If my overtime rates are being averaged with one another, is that legal?

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If my overtime rates are being averaged with one another, is that legal?

I work “part-time” in a group home. I receive 2 hourly rates based on if the residents are sleeping or not. My regular (when the guys are awake) rate is $9.60; the sleeping rate is $7.40. I receive pay bi-weekly, last paycheck was regular hours 40 hours and regular OT was 11 hours, sleep time 34 hours and sleep time OT 7 hours. Now, this is my issue, they didn’t pay me my regular OT rate of $9.60+1/2 or sleeping OT $7.40+1/2. They averaged them both to $8.62+1/2. Can they do that legally? Also, I work 36 scheduled work hours a week, can I argue to receive full-time status?

Asked on February 17, 2012 under Employment Labor Law, Michigan

Answers:

SJZ, Member, New York Bar / FreeAdvice Contributing Attorney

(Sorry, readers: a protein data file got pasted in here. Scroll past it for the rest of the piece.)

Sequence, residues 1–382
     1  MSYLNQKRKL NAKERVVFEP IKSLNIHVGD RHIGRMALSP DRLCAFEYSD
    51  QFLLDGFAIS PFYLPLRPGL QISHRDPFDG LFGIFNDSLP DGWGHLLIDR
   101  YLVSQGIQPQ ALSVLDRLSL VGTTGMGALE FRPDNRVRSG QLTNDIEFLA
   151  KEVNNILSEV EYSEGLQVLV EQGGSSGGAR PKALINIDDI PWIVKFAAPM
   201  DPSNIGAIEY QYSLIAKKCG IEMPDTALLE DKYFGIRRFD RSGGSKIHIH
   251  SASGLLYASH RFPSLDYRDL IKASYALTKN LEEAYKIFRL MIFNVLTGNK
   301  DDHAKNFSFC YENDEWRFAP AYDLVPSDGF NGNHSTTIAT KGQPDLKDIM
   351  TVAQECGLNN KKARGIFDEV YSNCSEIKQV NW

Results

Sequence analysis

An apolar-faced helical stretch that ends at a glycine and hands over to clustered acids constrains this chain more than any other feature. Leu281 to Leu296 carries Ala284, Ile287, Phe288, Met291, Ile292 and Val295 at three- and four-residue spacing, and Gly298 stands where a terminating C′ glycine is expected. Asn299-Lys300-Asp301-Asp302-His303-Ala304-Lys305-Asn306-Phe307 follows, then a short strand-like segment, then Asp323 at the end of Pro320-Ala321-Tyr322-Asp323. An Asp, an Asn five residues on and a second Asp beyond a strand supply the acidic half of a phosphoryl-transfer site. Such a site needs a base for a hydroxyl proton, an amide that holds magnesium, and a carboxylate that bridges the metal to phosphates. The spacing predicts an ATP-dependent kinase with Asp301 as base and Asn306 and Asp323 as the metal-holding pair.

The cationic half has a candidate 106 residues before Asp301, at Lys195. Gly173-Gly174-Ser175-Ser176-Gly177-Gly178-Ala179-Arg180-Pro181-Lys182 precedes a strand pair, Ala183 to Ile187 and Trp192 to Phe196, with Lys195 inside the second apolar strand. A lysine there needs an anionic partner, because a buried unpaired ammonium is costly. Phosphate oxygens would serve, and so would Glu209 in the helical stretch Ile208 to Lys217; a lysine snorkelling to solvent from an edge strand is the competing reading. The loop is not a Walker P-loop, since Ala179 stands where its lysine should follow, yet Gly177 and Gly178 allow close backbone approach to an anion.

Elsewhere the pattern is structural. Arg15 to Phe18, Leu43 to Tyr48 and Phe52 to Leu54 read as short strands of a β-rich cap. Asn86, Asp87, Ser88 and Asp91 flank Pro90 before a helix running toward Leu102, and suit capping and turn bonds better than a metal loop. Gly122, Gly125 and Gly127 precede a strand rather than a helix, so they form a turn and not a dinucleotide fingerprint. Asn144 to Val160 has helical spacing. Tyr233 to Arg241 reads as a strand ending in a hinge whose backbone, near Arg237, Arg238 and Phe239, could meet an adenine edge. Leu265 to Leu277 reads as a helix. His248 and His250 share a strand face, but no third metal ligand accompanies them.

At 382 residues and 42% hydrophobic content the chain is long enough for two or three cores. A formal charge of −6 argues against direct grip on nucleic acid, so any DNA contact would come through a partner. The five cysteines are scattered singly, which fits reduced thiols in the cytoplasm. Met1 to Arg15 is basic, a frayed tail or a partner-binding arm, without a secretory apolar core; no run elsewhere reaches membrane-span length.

Answered 9 years ago | Contributor

When an employee is paid at two different rates, the employer may indeed average them to determine the effective rate for overtime. It should be a weighted average: rate 1 x hours at rate 1 + rate 2 x hours at rate 2 divided by total number of hours. For a simple example, say that an employee's two rates are $20 and $10 per hour, and he worked 50 hours total--30 at $20, 20 at $10. He earned a total of 30 x $20 + 20 x $10 = $600 + $200 = $800 for working 50 hours; his effective hourly rate is therefore $800/50 = $16/hour, and his overtime would be based on that.


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